RAYMOND, Miss. (WJTV) – According to the Mississippi State University (MSU) Extension Service, this year’s rice crop in the state is in good condition as harvest approaches.
In late June and early July, farmers across the state growing multiple row crops, including rice, could not reach acceptable levels of control for fall armyworms with pyrethroids. This problem led Extension crop specialists to ask the Mississippi Bureau of Plant Industry to request a Section 18 crisis exemption from the Environmental Protection Agency for the insecticide Intrepid 2F. On July 28, it was granted.
“Fall armyworms have been much worse this year than we have ever seen in rice, pastures, lawns and other crops, at least in my career,” said Jeff Gore, Mississippi State University Extension entomologist and researcher. “From a rice standpoint, we typically spray a small percentage — less than 10% — of the acres every year in Mississippi. This year we have probably already sprayed much more than 50% of rice acreage.”
While some row crops have multiple alternative insecticide choices to treat fall armyworms, rice has only one: diflubezuron. With an 80-day preharvest interval, growers could not use diflubezuron, as rice harvest begins in August.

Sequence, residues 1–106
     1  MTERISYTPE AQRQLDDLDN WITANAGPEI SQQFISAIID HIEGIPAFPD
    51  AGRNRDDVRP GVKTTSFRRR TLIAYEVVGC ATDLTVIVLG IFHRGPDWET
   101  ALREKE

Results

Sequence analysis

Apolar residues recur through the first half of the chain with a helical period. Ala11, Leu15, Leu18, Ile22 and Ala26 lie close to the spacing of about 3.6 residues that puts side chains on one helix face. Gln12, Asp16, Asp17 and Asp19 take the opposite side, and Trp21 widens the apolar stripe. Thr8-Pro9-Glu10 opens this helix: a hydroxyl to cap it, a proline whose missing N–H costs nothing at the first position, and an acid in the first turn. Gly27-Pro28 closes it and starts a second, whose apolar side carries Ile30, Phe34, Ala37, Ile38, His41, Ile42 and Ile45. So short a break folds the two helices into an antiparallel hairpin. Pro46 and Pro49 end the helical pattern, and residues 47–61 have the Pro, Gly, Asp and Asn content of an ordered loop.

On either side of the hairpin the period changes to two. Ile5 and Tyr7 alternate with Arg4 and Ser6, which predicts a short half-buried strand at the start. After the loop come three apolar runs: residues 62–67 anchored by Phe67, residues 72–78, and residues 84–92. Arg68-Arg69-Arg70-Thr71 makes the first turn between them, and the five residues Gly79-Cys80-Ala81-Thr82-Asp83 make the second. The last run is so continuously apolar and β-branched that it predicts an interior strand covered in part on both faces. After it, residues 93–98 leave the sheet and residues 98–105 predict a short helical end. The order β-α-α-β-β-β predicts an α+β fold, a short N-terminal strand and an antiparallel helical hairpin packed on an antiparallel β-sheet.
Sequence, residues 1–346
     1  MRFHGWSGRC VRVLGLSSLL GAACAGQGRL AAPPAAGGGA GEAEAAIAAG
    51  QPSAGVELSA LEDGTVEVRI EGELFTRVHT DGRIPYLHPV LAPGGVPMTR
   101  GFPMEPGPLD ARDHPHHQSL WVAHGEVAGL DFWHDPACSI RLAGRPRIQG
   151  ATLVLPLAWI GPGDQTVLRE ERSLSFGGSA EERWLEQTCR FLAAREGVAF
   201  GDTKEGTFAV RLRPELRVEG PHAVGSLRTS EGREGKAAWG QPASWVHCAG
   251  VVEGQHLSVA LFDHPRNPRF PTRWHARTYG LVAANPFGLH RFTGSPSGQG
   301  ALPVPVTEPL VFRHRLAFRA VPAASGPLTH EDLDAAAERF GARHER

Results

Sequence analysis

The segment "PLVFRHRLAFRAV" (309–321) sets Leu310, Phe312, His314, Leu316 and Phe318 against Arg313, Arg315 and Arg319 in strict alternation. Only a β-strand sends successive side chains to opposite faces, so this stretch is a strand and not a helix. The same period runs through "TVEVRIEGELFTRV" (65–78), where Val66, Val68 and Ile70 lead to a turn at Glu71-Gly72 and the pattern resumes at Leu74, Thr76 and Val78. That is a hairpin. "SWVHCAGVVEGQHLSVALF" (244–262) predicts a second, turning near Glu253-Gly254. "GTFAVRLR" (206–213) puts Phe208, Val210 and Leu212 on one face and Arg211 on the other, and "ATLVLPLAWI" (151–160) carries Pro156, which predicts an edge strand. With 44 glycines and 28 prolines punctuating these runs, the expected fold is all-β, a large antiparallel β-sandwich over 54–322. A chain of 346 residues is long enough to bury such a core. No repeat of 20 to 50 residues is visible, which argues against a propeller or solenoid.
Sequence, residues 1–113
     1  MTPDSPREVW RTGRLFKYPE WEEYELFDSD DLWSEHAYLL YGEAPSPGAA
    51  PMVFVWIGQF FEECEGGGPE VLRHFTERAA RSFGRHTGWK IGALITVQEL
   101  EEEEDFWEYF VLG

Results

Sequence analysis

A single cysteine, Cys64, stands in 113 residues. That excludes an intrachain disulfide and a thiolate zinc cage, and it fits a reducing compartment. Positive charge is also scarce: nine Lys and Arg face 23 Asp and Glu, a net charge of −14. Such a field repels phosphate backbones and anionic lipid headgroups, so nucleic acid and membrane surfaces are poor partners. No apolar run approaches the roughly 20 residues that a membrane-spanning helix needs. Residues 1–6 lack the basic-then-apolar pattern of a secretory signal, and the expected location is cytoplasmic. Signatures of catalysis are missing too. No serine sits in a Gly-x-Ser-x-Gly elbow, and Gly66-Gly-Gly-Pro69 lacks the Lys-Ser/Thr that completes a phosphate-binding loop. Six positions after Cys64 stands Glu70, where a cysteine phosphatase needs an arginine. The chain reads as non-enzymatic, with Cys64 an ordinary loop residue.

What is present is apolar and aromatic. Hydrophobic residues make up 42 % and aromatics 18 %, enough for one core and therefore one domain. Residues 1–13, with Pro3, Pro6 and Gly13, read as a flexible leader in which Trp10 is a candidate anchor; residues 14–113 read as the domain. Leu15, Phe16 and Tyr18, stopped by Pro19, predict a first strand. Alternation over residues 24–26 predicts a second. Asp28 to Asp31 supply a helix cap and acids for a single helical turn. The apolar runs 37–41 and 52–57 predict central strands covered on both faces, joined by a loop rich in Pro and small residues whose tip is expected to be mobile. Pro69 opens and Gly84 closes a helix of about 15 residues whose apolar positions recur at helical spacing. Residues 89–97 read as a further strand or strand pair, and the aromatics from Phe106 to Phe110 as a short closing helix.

The Specific Exemption is still under review, but growers can use Intrepid 2F until the EPA makes a final decision. If approved, growers can continue its use throughout the growing season. If a similar situation with fall armyworms occurs next year, the Bureau of Plant Industry will again need to apply for a Section 18 exemption.
Crops are not quite ready for harvest, which takes place in August and September in Mississippi.
According to USDA, by Aug. 9, 89% of rice is headed with just 5% mature. The report shows 70% of the crop is in good condition, 17% is in excellent condition, and 8% is in fair condition.
Exports are forecast to be lower for the 2021-2022 marketing year because of reduced supply and less competitive U.S. prices, which may result in lowered prices.